CLICK HERE - Stem Cell Reports - Differential Responses of Human Fetal Brain Neural Stem Cells to Zika Virus Infection

GALVESTON, Texas –A multidisciplinary team from The University of Texas Medical Branch at Galveston has uncovered the mechanisms that the Zika virus uses to alter brain development. These findings are detailed in Stem Cell Reports . . .

. . . Since a normal brain develops from simple cells called stem cells that are able to develop into any one of various kinds of cells, the UTMB team deduced that microcephaly is most likely linked with abnormal function of these cells . . .

. . . The researchers established a method of investigating how Zika alters the production, survival and maturation of brain stem cells using cells donated from three human fetal brains. They focused on the impact of the Asian lineage Zika virus that was involved in the first outbreak in North America in late 2015.

(READ COMPLETE ARTICLE)

Country / Region Tags: 
General Topic Tags: 
Problem, Solution, SitRep, or ?: 

Miami Doctors Publish Study of First Locally-Acquired Zika Transmission

This is a rash on patient's stomach.
Credit: The New England Journal of Medicine

submitted by Alicia Juarrero

sciencedaily.com - January 12, 2017

Source: University of Miami Miller School of Medicine

Summary: Following the recent Zika outbreak in Miami-Dade County, a multidisciplinary team of physicians has published a case study describing in detail the nation's first locally-transmitted case of Zika.

(READ COMPLETE ARTICLE)

CLICK HERE - NEJM - Cutaneous Eruption in a U.S. Woman with Locally Acquired Zika Virus Infection

 

 

Country / Region Tags: 
General Topic Tags: 
Problem, Solution, SitRep, or ?: 

Cuba, United States Sign Oil Spill Deal

           

Cuba, United States sign oil spill deal before Trump inauguration

reuters.com - by Marc Frank - January 10, 2017

Cuba and the United States agreed on Monday to jointly prevent, contain and clean up oil and other toxic spills in the Gulf of Mexico . . .

 . . . U.S. Charge d'Affaires Jeffrey DeLaurentis, upon signing the agreement, said it was one of a series of deals to protect the shared marine environment of the two neighboring countries separated by just 90 miles (145 km) of water . . .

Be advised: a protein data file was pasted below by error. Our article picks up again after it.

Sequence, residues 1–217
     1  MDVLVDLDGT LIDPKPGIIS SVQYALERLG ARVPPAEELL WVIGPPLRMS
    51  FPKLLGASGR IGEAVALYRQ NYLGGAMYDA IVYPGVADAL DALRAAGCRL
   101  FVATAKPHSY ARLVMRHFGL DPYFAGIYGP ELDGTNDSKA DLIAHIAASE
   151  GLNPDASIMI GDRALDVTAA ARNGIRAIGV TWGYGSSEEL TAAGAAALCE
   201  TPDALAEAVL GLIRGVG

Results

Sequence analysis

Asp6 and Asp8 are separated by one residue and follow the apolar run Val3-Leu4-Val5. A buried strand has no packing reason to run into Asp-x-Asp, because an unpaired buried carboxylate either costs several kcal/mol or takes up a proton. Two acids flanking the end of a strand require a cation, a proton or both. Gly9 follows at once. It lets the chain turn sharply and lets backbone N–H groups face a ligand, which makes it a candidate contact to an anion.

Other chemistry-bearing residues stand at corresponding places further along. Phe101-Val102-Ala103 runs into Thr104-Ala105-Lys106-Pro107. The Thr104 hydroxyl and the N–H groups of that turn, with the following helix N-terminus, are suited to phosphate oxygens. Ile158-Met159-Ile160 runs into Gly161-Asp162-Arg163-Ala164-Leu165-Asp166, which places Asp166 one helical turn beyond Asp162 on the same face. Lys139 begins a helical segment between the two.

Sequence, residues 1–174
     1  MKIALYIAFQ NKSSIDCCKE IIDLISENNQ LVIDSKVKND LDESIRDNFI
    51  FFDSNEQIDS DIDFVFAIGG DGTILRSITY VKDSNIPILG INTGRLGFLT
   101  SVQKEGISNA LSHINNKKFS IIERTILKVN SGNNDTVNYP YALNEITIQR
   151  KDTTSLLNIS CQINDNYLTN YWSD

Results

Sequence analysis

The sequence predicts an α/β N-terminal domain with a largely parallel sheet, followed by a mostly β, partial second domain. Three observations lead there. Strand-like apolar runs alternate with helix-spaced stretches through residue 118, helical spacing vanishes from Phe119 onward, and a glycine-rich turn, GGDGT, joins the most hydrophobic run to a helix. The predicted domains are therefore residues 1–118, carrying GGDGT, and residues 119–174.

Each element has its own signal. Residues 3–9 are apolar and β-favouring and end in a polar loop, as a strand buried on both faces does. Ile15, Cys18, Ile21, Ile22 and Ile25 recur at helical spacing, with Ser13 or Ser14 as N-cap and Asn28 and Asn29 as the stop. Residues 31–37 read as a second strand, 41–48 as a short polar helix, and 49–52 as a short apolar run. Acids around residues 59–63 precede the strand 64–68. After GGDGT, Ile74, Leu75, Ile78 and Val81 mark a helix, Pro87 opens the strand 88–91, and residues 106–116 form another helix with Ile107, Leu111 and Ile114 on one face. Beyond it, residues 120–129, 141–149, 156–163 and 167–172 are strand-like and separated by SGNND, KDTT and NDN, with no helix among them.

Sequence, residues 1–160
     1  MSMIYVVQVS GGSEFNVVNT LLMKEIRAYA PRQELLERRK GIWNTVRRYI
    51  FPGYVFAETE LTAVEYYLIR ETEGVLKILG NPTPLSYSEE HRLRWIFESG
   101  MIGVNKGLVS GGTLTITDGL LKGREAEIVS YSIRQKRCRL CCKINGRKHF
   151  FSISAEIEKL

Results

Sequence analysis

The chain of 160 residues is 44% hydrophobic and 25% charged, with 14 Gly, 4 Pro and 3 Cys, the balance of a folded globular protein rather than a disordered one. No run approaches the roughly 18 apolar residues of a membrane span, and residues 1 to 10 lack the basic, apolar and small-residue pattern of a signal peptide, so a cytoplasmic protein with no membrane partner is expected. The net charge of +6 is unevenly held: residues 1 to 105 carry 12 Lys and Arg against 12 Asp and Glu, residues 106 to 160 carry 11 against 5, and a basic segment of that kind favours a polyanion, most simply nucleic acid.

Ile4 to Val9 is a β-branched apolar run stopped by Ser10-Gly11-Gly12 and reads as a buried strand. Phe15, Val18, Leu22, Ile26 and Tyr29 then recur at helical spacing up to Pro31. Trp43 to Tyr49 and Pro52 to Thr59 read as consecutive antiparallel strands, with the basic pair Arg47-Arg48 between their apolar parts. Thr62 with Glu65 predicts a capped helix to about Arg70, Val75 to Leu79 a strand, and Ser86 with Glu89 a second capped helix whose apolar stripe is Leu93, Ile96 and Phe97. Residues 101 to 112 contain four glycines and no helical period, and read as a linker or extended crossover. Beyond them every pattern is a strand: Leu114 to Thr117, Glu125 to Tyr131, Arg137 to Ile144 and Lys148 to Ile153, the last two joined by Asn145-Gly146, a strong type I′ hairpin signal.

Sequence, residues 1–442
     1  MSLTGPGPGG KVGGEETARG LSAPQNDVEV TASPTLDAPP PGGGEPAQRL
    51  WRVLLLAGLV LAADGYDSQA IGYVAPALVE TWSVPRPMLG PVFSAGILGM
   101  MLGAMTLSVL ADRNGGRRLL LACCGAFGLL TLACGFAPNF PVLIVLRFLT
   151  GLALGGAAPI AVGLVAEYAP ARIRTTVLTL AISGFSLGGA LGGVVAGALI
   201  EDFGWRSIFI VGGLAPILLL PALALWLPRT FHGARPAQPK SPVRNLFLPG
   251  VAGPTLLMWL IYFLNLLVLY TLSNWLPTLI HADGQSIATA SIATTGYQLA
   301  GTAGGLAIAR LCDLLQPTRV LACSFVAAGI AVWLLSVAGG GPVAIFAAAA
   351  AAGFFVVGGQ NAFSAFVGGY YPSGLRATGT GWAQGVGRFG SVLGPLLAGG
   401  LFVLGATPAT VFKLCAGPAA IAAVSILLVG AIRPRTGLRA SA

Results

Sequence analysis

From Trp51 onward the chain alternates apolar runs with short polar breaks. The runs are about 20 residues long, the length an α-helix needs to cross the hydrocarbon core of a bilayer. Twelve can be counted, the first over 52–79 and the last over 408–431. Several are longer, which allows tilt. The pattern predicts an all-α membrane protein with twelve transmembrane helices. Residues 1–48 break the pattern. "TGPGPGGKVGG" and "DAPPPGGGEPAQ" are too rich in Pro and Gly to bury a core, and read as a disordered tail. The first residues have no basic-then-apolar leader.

. . . Last week a deal was struck to export small amounts of charcoal to the United States and in December Google signed an agreement to place servers on the island to quicken access to its products.

(READ COMPLETE ARTICLE)

 

Country / Region Tags: 
Problem, Solution, SitRep, or ?: 

El Niño and Global Warming Blamed for Zika Spread

           

A female Aedes albopictus mosquito feeding on a human host. Credit: James Gathany CDC

CLICK HERE - STUDY - PNAS - Global risk model for vector-borne transmission of Zika virus reveals the role of El Niño 2015

scientificamerican.com - by Kavya Balaraman - December 21, 2016

Mosquito-borne diseases like Zika can be extremely sensitive to climatic changes

The combination of climate change and last year’s El Niño phenomenon likely created the perfect playground for the Zika virus to spread rapidly across South America, a new study finds.

Both the Zika virus and the mosquitoes that carry it have been present in different parts of the world for a while. But several factors, including specific climatic conditions, could have catapulted the disease to public health emergency status, according to researchers from the University of Liverpool.

(READ COMPLETE ARTICLE)

Country / Region Tags: 
General Topic Tags: 
Problem, Solution, SitRep, or ?: 

Birth Defects Among Fetuses and Infants of US Women With Evidence of Possible Zika Virus Infection During Pregnancy

jamanetwork.com - December 13, 2016 - doi:10.1001/jama.2016.19006

In this report based on preliminary data for pregnant women in the USZPR with laboratory evidence of possible Zika virus infection, 6% overall had a fetus or infant with evidence of a Zika-related birth defect, and among women with timing of possible Zika infection exclusively during the first trimester, 11% had a fetus or infant with a birth defect. The birth defects primarily involved included microcephaly with brain abnormalities, such as intracranial calcifications. Preliminary estimates from the USZPR were within the range of 1% to 13% risk of microcephaly following first-trimester maternal Zika virus infection modeled on the outbreak in Bahia, Brazil, lending support to the credibility of these estimates.

(READ COMPLETE ARTICLE)

Country / Region Tags: 
General Topic Tags: 
Problem, Solution, SitRep, or ?: 

Negative Effects Of Zika During Pregnancy More Common Than Realized

           

Juan Pedro, who has microcephaly and turned one-year-old on December 4, sits in a specially designed chair to keep him upright as he is kissed by his sister Jennifer Karine on December 12, 2016 in Recife, Brazil. As many of the babies with microcephaly, believed to be linked to the Zika virus, turn one-year-old in Recife, doctors and mothers are adapting and learning treatments to assist and calm the children. Many of the children are suffering a plethora of difficulties including vision and hearing problems with doctors now labeling the overall condition as 'Congenital Zika Syndrome'. (Photo by Mario Tama/Getty Images)